Predators might as well aim high at 'Skate of the Union' event

The Nashville Predators’ annual Skate of the Union is an event for true believers.

No room for pessimism here. Only those willing to think the very best of an organization that has won just two playoff series in its history need show up at Bridgestone Arena for the latest go-round at this love-fest on ice.

The event runs from 5-8 p.m. with player autographs (5-6 p.m.) and a question-and-answer session with players (6-6:45 p.m.). A town hall portion concludes the event and features lead owner Tom Cigarran, CEO Jeff Cogen, COO Sean Henry, Executive Vice President David Poile and coach Barry Trotz.

It is during this final phase that the sunshine and roses parade typically takes place. These men talk as if their team is the Sistine Chapel of professional sports, a marvel of classic architecture to be admired the world over. Their predictions for what’s to come are relentlessly optimistic to the point that they sound foolish.

Or do they?

For example, two years ago Trotz declared at this event: “One of these days it’s going to explode and be really good for us.”

At the time it sounded utterly ludicrous. The Predators’ power play ranked 23rd or worse in each of the previous four seasons and nine times out of its first 12 seasons in the league.

Then a curious thing happened. In the months that followed Trotz’s claim, Nashville’s power play sort of did explode. It finished the season first in the NHL with a 21.6 percent success rate and was nearly as proficient on the road (20.2 percent) as it was at home (22.9 percent).

Last season, the Predators did not have the event because of the lockout, which delayed the start of the season until January. Then they had one of their worst seasons on recent memory.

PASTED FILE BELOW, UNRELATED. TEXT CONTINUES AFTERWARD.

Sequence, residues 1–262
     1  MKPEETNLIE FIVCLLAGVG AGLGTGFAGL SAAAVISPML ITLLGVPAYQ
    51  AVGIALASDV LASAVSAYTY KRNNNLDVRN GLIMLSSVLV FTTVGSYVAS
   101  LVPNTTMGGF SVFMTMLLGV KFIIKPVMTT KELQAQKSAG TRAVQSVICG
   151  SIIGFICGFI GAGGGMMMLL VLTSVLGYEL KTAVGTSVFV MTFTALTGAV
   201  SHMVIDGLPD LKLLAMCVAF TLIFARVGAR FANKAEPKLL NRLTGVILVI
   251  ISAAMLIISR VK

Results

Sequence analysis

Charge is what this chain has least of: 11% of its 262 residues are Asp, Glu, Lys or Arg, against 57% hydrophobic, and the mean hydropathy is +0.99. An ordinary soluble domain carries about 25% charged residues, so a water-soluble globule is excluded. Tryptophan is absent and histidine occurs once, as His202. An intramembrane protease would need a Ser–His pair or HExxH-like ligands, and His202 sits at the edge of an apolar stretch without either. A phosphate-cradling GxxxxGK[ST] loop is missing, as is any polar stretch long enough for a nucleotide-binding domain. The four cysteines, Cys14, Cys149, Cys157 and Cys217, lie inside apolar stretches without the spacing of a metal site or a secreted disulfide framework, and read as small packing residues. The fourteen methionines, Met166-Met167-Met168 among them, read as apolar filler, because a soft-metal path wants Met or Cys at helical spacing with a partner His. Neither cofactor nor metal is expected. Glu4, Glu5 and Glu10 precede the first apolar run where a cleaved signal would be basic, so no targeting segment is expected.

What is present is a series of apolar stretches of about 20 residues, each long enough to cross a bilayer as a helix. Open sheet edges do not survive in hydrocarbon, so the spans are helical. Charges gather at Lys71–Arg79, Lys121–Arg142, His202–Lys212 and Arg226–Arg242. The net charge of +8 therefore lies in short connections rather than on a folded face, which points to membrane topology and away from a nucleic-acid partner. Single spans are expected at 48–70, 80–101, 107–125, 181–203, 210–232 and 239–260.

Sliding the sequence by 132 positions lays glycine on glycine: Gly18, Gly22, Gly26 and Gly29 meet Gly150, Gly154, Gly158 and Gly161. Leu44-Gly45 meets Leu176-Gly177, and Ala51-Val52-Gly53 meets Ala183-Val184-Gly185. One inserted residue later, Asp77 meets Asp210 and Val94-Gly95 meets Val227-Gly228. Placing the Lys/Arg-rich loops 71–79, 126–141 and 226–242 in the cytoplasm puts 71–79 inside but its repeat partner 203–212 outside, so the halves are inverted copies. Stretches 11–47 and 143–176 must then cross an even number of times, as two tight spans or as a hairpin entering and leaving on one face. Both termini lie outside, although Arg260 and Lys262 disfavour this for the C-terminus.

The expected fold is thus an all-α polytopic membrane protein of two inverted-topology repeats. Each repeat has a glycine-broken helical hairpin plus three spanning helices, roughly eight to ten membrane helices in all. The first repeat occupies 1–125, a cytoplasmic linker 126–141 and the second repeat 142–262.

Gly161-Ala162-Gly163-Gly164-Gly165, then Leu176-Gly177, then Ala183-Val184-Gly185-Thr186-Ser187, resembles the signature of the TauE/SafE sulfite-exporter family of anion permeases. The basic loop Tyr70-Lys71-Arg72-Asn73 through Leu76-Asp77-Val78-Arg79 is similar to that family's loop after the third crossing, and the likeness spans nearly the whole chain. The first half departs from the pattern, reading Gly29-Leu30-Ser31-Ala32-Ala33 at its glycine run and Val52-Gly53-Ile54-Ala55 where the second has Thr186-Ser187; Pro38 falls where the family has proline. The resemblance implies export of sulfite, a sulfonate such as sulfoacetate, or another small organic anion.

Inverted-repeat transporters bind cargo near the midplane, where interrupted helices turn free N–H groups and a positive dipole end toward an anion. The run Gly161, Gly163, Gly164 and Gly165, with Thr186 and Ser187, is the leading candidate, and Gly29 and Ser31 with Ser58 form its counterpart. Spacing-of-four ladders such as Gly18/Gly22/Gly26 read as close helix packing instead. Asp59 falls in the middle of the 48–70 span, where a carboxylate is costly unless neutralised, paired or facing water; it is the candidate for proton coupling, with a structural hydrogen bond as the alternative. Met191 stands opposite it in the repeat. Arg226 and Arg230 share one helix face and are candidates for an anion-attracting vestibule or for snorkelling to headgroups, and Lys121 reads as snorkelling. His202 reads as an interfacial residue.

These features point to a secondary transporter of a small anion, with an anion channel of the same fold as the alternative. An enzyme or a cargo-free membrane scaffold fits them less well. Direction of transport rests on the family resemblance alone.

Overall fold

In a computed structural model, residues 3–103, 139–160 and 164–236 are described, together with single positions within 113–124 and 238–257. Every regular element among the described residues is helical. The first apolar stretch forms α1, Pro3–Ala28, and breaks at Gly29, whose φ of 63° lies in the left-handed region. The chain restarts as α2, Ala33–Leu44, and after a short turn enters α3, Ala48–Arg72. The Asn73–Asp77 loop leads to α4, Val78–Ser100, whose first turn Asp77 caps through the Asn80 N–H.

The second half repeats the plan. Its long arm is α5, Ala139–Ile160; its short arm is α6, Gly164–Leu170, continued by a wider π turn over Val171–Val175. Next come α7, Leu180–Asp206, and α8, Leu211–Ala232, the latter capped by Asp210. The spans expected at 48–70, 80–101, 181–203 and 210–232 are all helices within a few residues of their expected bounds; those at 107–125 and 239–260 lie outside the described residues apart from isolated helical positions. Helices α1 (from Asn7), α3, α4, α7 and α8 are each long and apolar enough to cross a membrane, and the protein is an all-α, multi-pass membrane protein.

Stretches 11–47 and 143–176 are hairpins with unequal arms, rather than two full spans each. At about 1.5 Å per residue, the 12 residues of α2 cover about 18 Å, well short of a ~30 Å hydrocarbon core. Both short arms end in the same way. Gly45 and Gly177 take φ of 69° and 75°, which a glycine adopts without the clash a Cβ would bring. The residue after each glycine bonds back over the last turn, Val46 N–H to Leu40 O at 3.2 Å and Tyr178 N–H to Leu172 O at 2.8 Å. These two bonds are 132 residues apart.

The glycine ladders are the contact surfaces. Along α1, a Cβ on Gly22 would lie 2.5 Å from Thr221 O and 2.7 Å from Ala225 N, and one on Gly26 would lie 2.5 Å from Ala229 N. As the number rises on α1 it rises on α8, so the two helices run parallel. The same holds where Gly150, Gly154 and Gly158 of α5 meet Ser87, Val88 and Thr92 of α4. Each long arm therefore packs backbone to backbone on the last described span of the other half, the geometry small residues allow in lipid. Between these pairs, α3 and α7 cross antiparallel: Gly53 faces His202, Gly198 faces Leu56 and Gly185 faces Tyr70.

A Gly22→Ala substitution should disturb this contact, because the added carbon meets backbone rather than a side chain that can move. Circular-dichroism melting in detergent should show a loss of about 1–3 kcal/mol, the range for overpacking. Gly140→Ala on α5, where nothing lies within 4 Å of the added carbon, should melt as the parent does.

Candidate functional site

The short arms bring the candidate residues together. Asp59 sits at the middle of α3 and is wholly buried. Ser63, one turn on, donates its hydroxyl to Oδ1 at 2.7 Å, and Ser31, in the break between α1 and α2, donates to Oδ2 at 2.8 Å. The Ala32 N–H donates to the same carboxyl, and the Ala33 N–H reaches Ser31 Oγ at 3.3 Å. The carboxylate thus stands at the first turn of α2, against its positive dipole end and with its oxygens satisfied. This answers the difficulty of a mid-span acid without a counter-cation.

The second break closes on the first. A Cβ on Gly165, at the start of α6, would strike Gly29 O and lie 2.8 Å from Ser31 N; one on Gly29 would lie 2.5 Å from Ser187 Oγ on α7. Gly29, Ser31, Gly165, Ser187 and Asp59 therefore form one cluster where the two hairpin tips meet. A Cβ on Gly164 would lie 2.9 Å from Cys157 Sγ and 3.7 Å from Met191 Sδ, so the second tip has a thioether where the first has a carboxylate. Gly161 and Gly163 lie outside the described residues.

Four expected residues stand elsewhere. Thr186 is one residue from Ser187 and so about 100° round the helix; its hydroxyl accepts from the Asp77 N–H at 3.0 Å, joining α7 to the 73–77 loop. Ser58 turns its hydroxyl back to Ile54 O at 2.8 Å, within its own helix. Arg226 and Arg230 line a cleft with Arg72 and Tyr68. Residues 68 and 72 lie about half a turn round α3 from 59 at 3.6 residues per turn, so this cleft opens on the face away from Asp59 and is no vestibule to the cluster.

So maybe there’s something to this Skate of the Union thing after all. Perhaps there is a self-fulfilling prophecy element to what goes on when franchise executives address the adoring crowd in this manner.

If, indeed, that is the case, here are five suggestions for things folks might want to say during this year’s event.

• “Centers only get better with age.”

Barring any unforeseen circumstances, the four opening day starters at that spot will be Mike Fisher (33 years old), Matt Cullen (36), David Legwand (33) and Paul Gaustad (31). None ever has been a prolific scorer and no center has been Nashville’s leading scorer outright since Legwand more than a decade ago (2002-03). What a difference it might make for a traditionally offensively challenged franchise to get some serious production from the middle.

• “Prior to the opener, the NHL will take a cue from the NBA and adopt a 3-point shot.”

This quickly will become known as the ‘Weber Rule’ because no player has more long-range scoring ability than the Nashville defenseman and no team relies on its defensemen more for offense. Weber has averaged 17.5 goals in the last four full seasons. Now his big blasts will be worth even more.

• “The franchise not only will be profitable, its revenue will exceed its expenses to a greater degree than even teams such as Detroit, Toronto and the New York Rangers.”

Nashville can sell all the tickets it wants (and chances are it will sell plenty), but unless a rainbow touches down in the Zamboni tunnel and leaves its pot of gold, this one seems like the most far-fetched of all.

• “Pekka Rinne literally will stand on his head for 70 games or so this season.”

By inverting his normal stance the veteran goalkeeper will reduce the stress on his surgically repaired hip and will be available for the workload coaches want. Assuming the literal manifestation includes the figurative performance level, the two-time Vezina Trophy winner will be the odds-on favorite to win it this time.

• “The Predators will win the Stanley Cup this season.”

Actually, there’s a pretty good chance someone actually says this. What the heck? If only one of these things actually happens … .